Mobile SoCs can have low power without dopants, says SuVolta

By Debra Vogler, senior technical editor

June 6, 2011 – SuVolta is tackling the low-power challenge of mobile SoC devices with its PowerShrink platform and undoped, deeply depleted channel (DDC) technology.

Fujitsu is the first licensee of this technology for its 65nm ASSP, ASIC, and COT product lines. The companies have verified the technology and begun joint development activities for commercialization, targeted to be available in the second half of 2012.

Click to Enlarge
Figure 1. SuVolta Vt variation reduction in perspective, 65nm bulk CMOS Vt variation.
(SOURCE: F. Andrieu, et al.,
Solid State Technology, 11/10; with SuVolta data added.)

Scott Thompson, SuVolta CTO/SVP of technology, says DDC technology produces high performance at low voltage because it enables inversion charge to move from source to drain without scattering with dopants. The undoped channel and screening regions provide threshold voltage variation as good as the best fully-depleted SOI (FDSOI) and fully-depleted FinFET research devices (Fig. 1), explained Thompson. In this podcast interview, Thompson provides an in-depth technical discussion of DDC and PowerShrink. Other data reported by the company includes the technology’s exceptionally low-voltage SRAM operation (Figs. 2 and 3).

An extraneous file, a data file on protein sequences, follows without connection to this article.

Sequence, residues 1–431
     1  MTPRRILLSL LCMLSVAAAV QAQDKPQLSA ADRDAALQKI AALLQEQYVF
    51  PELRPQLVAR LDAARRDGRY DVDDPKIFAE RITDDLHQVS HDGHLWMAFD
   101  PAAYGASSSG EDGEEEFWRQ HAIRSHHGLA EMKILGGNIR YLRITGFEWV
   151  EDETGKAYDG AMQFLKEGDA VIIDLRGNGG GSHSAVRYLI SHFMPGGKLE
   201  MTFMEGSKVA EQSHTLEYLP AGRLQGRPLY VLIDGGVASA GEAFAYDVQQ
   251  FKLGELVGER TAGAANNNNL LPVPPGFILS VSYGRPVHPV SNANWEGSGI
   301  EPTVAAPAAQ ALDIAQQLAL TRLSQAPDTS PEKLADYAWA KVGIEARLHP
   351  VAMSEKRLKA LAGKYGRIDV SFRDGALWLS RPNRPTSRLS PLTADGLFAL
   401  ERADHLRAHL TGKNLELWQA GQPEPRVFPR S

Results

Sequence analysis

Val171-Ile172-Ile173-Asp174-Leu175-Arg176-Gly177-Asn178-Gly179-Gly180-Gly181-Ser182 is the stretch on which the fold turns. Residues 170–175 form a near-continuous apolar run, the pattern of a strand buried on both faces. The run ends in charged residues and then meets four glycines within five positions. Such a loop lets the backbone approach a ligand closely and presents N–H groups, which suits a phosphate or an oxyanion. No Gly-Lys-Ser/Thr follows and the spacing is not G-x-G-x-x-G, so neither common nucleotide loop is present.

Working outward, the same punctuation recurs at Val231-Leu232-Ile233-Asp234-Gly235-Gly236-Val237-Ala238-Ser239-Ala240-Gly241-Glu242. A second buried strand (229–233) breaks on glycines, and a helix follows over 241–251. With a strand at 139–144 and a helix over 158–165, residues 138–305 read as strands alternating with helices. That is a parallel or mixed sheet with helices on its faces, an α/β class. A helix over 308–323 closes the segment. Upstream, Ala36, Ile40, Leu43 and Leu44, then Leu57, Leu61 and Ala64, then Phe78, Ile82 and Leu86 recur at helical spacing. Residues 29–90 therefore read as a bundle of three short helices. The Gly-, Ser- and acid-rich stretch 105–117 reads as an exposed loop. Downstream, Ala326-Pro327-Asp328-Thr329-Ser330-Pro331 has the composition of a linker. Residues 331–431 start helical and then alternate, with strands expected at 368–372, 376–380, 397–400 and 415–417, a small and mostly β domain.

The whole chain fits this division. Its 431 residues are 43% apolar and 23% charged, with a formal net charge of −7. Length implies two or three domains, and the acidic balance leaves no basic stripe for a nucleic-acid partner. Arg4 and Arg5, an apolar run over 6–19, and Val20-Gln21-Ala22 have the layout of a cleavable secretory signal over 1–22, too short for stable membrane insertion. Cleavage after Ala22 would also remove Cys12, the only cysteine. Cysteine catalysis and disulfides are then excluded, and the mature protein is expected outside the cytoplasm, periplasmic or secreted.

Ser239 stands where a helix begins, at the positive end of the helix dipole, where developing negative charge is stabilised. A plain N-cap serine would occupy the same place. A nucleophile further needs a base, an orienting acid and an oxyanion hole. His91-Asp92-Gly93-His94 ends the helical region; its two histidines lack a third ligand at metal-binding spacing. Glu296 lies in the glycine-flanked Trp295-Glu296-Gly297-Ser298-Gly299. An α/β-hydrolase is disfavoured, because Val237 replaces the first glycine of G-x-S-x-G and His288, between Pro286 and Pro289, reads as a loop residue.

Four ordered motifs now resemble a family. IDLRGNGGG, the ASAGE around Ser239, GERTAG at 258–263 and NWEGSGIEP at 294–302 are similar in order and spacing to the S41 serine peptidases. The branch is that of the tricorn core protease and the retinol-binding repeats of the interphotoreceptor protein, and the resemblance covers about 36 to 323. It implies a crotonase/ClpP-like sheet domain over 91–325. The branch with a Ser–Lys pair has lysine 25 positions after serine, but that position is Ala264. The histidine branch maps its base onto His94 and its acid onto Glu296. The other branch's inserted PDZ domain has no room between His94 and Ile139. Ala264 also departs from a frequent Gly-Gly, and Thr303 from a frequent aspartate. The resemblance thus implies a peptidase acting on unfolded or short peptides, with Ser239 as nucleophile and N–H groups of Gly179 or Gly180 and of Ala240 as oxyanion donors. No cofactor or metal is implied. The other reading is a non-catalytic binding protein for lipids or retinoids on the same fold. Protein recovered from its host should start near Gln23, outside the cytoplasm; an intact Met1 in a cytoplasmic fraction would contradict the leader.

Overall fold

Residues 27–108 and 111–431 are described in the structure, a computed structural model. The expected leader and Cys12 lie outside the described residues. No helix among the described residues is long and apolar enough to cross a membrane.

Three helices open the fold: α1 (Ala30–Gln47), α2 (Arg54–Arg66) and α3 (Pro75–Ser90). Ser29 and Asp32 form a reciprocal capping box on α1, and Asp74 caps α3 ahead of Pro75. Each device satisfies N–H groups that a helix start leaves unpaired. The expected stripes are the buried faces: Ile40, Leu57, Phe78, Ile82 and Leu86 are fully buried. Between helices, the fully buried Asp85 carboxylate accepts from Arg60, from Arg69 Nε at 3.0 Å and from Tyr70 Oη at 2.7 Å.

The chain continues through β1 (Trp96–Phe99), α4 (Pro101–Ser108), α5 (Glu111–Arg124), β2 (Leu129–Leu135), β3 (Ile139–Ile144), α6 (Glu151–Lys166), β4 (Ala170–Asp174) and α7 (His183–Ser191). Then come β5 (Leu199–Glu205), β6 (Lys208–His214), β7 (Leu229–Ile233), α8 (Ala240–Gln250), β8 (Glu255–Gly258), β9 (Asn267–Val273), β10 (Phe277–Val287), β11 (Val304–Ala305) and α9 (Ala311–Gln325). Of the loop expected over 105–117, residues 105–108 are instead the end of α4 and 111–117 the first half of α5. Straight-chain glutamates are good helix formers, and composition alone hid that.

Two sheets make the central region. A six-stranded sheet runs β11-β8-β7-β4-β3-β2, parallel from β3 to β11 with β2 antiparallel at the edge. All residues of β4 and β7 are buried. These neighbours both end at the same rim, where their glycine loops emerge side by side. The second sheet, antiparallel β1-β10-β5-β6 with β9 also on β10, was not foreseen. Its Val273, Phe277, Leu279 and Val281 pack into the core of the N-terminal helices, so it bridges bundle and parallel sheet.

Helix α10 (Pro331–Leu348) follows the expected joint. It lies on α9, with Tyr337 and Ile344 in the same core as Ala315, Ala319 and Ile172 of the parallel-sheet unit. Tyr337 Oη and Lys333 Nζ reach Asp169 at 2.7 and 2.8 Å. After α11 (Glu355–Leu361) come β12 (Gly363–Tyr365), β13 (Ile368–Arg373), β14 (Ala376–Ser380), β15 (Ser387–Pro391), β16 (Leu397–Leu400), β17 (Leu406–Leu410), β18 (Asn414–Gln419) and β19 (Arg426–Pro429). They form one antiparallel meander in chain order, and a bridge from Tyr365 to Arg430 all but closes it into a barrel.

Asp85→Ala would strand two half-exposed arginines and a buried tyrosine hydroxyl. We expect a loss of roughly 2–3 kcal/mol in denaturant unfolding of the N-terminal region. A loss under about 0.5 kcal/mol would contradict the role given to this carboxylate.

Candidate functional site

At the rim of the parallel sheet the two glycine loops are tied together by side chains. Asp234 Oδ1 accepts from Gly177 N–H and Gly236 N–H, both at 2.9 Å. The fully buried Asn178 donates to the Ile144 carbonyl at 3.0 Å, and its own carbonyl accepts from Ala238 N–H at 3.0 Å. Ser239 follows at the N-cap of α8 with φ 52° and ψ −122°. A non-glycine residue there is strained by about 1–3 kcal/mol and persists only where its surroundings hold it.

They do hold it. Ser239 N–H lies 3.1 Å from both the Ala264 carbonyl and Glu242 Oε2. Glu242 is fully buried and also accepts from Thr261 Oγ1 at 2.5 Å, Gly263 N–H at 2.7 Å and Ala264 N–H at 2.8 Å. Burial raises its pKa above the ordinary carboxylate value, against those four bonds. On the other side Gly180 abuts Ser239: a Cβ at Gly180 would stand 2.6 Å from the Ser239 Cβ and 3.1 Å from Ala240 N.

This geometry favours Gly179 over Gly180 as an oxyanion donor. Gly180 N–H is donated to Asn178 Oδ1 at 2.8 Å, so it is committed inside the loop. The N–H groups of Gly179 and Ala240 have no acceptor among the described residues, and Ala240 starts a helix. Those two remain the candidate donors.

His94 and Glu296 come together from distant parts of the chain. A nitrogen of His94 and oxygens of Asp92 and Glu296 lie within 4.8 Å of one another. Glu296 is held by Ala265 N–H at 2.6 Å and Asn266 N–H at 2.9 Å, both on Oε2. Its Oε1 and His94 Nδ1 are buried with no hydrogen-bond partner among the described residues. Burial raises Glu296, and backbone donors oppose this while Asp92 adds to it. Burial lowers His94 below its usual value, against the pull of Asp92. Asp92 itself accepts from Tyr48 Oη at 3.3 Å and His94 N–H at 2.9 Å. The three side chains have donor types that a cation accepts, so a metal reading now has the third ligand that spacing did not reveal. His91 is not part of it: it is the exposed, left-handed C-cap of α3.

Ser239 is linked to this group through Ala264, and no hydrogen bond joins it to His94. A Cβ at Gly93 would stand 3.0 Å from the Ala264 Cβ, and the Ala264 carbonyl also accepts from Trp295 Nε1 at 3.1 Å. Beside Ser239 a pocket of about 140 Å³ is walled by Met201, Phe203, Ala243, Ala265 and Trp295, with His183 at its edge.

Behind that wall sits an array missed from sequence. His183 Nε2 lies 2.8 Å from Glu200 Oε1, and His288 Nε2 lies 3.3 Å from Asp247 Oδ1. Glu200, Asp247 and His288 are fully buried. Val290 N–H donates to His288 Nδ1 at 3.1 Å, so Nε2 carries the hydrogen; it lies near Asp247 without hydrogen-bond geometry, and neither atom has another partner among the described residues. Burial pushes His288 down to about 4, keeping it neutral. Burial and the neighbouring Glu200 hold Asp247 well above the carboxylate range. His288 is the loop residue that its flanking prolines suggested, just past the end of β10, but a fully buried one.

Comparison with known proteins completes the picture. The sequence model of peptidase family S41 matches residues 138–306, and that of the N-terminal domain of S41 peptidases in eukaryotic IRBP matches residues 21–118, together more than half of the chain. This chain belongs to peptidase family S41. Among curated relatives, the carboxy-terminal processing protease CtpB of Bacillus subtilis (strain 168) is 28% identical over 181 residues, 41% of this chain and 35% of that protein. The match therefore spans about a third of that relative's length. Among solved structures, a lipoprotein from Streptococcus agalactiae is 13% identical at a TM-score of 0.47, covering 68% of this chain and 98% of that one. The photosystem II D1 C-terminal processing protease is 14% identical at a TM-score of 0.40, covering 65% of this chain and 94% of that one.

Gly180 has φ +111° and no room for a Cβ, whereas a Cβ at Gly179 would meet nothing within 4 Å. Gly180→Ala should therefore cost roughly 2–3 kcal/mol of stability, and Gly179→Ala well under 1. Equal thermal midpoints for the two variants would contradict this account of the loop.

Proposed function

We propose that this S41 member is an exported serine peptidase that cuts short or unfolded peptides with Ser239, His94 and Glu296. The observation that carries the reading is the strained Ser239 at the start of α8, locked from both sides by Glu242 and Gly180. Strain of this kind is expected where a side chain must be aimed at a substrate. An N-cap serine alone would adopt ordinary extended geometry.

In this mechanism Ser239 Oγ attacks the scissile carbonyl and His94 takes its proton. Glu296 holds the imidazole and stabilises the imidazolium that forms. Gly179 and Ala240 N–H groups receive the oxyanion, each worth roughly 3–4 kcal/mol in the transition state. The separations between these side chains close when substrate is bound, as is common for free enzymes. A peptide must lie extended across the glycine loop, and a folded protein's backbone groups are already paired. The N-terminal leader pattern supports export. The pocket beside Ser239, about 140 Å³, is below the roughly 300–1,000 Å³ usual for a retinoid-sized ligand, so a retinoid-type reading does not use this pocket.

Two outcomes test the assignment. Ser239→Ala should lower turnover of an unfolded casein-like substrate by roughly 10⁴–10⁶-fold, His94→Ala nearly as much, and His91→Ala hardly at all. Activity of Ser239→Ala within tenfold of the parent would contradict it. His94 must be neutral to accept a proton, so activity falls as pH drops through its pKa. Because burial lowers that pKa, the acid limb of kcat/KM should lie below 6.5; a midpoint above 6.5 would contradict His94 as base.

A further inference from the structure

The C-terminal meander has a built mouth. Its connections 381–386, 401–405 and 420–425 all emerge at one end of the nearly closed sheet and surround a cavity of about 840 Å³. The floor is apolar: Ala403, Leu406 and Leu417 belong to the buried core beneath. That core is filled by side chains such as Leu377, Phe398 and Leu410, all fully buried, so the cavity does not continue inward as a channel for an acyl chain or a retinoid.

Listen to Scott Thompson’s podcast interview here:

  • Format: mp3
  • Length: 5:08
  • Size: 4.70 MB
  • Date: 06/06/11

 

Click to Enlarge
Figure 2: Exceptionally low-voltage SRAM operation. (SOURCE: SuVolta)

 

Regarding scalability of this technology to nodes below 65nm, Thompson said that no circuit tricks are needed to make this technology work at low-voltage between 65 and 14nm. Because power dissipation is dominated by the low Vt edge of the distribution, the smaller the variation (σVt), the less leakage power.

 Click to Enlarge
 Figure 3: 5× lower SRAM leakage demonstrated. (SOURCE: SuVolta)

Just as significant as performance considerations may be the cost issues inherent in the company’s compatibility argument: the technology is compatible with: 1) existing fab infrastructure (no new equipment or materials); 2) existing CMOS process integration (no added masks); 3) legacy IP (with at least $1 billion invested in legacy IP by the industry, as estimated by SuVolta, this is not a trivial consideration); and 4) existing EDA flows (standard SoC design flows and tools).

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